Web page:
But for as powerful as the acts of violence are, the game doesn’t quite hit all the right notes to keep its execution of its themes pitch perfect.
Having to face wave upon wave upon wave of nameless soldiers didn’t quite help me empathize with any of them. Besides the white phosphorus scene, I never once felt sorry for a single soldier that I killed.
I understand that Williams intended for the countless battles to wear on the player. However, having no real emotional connection to the Damned 33rd besides them being “fellow Americans” (which doesn’t even have that going for it since I’m not American and I’m totally against America’s modern military interventions) won’t make me care. Popping off their heads and blowing them up with a sticky grenade just don”t have the same emotional punch to the gut as dealing with a CIA agent who tries to earn your trust and gives you a way out then backstabs you later.
I also see it as a concession to a third person shooter requiring such gameplay. You have to fight through hordes of enemies, or it wouldn’t be much of a military third person shooter. The achievements popping up on screen whenever you perform well with a certain weapon or make one of the decisions also don’t help, breaking the immersion by reminding players that it’s still just a game that pats your back for killing people in a specific way.
On one hand, sticking to the conventions keeps the experience as close as possible to the genre it’s criticizing, making that action much more apparent. On the other hand, being trapped by those conventions detracts from its goal of giving more weight to the act of killing.
Nevertheless, the rest of Spec Ops still manages to squeeze out real drama from both its gameplay and narrative. Walker should be the poster boy for every war game with stories that rest entirely on one man’s shoulders – suffering from a severe case of PTSD.
Although some have argued that removing choice from its most powerful moment – the white phosphorus scene – makes it seem hollow, Williams defends it by saying soldiers are thrust into such situations where there are no good choices and not all pertinent information is readily available.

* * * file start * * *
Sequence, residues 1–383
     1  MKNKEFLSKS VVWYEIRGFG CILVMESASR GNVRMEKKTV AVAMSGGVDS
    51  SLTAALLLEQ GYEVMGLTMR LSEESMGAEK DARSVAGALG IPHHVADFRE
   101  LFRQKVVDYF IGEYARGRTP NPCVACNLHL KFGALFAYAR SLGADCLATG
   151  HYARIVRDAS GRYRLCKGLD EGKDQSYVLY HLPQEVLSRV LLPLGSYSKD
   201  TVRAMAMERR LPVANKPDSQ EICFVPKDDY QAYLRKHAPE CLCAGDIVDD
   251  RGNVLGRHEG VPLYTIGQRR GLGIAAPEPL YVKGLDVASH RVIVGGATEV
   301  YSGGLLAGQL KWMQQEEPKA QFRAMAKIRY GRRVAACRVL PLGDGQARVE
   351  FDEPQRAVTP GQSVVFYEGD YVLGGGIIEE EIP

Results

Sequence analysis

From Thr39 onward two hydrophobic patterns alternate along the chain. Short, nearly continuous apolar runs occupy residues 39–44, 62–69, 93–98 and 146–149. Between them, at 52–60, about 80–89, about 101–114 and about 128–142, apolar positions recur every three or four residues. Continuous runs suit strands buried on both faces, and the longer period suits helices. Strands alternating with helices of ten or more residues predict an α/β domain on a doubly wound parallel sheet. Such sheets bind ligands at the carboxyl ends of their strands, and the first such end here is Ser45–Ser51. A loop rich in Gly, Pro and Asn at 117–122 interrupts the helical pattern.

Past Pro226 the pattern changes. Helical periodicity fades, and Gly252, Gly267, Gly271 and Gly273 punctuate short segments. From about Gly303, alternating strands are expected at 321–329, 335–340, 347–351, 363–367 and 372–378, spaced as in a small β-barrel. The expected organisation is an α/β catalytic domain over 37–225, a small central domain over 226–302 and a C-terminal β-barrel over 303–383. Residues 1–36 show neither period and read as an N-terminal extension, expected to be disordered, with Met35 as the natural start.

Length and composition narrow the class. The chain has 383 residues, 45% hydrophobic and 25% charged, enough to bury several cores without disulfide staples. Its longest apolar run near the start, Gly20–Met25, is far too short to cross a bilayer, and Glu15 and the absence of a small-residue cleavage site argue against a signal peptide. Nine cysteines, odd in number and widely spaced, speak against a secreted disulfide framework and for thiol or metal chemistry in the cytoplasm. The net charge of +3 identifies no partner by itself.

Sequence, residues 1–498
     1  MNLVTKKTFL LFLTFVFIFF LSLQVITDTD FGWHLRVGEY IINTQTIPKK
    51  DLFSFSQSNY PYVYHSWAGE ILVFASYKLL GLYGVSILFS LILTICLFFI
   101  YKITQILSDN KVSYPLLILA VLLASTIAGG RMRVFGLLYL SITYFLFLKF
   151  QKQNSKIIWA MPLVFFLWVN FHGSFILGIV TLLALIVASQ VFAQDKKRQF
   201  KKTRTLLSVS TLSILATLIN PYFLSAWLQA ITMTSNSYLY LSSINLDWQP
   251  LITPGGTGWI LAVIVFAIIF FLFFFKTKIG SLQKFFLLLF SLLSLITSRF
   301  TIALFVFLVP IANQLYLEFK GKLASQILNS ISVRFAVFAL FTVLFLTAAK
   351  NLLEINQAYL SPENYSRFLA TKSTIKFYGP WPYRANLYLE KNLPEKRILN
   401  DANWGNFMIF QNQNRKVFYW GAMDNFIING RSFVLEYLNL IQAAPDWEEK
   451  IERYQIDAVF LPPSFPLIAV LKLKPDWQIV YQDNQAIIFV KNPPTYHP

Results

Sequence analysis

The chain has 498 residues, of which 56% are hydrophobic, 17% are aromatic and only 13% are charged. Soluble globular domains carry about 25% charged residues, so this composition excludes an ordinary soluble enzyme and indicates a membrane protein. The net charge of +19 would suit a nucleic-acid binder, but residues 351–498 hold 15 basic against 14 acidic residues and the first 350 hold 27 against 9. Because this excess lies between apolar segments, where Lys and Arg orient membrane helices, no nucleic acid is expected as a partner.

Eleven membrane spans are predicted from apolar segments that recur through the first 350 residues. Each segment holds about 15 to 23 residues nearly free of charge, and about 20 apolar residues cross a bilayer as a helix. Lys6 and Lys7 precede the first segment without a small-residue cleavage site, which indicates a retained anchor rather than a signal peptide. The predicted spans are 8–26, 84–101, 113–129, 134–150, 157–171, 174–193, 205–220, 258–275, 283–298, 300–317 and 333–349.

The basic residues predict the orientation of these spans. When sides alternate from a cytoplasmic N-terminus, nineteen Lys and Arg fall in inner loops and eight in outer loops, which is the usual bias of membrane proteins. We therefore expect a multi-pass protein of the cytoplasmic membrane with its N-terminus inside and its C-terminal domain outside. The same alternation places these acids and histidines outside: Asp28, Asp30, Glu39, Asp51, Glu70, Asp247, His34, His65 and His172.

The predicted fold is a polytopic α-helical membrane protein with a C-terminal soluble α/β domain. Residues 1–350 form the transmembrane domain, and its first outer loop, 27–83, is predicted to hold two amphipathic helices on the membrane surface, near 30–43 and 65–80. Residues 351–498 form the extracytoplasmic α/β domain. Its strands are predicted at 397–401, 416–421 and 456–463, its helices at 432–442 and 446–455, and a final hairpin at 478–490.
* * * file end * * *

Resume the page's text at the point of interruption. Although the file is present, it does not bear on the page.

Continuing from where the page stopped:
The circumstances are quite similar in Hotline Miami, and yet we gamers just have to keep killing despite not fully knowing why. Of course, having paid good money to be able to play these games in the first place is one important factor. However, it can also be argued that buyers enter any transaction with any product without the guarantee that they will enjoy it. People can walk out of a movie theater, put down a book, turn off the DVD player, or delete an album from their music library if they don’t enjoy it.
We’ve been desensitized to video game violence from all our past experiences where killing (and killing plenty) is a given, and that our enemies’ deaths really have no effect on us. Because of this, we accept “missions” that involve a whole lot of violence without question. Besides, we’d probably be given a good enough excuse later on anyway.
So when that expectation is subverted by a reason such as a selfish act of intended heroism gone absolutely wrong or by having no good reason at all, it either makes us feel sick enough for playing through the whole thing anyway or has us question why we seem to revel in the violence.
Whichever the case, it’s a good thing that there are games such as these that cast this deeply-rooted aspect of video games in such a light. This form of media can be more powerful than traditional ones such as books, film and theater for its inherent interactivity driven by the consumers themselves. By approaching the visceral and relational act of committing violence as something that means something to the players, video games can bring about more emotionally-engaging and thought-provoking experiences.
It can also help diversify the already saturated market that has relied too long on violence-centric gameplay mechanics (as Williams himself mentioned in his talk at this year’s Game Developer’s Conference), leading to more creative avenues that explore conflicts which successes don’t hinge upon inflicting pain or outright killing another party.